In the classic randomised experiment we randomly assign participants to at least two groups, test and control, by metaphorically tossing a coin to allocate them to one or the other. However, in reality sometimes slightly more sophisticated methods can be useful.
One such method is blocking. Here, you first create “blocks” of participants, usually based on their similarity to each other. You then select participants by randomising within each block. So perhaps you pre-filter all your female participants into one block and all your males into another. Then you randomly select 100 people from each of those blocks into both your test and control group, getting you 400 participants in total.
Why so? Well, perhaps you think that the outcome you’re testing for may be affected by the sex of the participant, but your research question isn’t trying to tackle that particular topic. In this scenario, sex isn’t not the source of variation that you’re most interested in. So you’d rather eliminate any effect that differences in sex between your groups could cause in your observations in order to gain a better idea of the effect of the intervention itself; removing a so-called “nuisance variable“.
After all, under basic randomisation, it’d be possible – albeit extremely unlikely – for you to end up with all your females in one group and all your males in another. A blocking design as described above would eliminate that possibility, and help ensure your samples are balanced by sex.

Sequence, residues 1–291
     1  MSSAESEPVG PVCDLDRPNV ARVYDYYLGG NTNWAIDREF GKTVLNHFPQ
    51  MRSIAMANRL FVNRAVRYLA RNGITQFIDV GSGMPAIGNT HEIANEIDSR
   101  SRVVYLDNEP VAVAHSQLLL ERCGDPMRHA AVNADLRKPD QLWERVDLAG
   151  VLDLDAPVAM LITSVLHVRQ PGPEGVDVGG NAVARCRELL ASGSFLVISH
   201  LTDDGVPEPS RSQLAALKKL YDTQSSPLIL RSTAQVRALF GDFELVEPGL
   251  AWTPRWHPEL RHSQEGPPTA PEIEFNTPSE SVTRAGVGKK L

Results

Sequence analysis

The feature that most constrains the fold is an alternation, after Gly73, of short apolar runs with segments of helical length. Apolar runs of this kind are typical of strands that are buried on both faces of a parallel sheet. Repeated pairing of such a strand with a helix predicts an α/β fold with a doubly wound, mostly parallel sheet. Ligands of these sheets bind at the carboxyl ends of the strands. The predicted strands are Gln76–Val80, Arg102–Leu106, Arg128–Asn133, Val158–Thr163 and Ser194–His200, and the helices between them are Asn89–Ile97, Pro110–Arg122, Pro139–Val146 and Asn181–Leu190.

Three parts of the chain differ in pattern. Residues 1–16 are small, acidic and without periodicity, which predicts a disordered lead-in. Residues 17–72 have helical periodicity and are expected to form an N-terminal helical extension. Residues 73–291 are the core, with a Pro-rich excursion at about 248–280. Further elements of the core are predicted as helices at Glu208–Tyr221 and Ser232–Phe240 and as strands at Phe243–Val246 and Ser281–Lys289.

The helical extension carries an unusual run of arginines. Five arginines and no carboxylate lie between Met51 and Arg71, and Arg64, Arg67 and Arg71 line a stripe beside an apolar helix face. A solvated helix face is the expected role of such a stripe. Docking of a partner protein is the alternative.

Here’s a diagram from the wonderful OpenIntro Statistics textbook, illustrating the concept in terms of blocking patients based on whether they’re deemed to be high or low risk for the medical intervention at hand. If we didn’t take this step, we’d be taking the risk that our test group may end up with a higher or lower proportion of high-risk folk than the control group has. This might be extra the case if you’re operating at the lower limit of sample size requirements, where the law of large numbers is less likely to save you.
The key requirement here is you start by creating groups of “similar” participants. One may also be able to imagine other reasons, unrelated to blocking experiments, why you might want to be able to group simliar things. But, beyond the case of a single categorical variable such as sex or risk level, how should we decide which participants are “similar” in the first place?
The actual variables you select will be specific to your experiment. The basic idea is that you want to use any factors that there’s reason to believe may confound the results of your experiment, i.e. what you want to control for. It could be sex, or it might be height, weight, income, how many blog posts someone read a day, or an infinite number of other things. So this post can’t really help you in terms of knowing which variables to consider.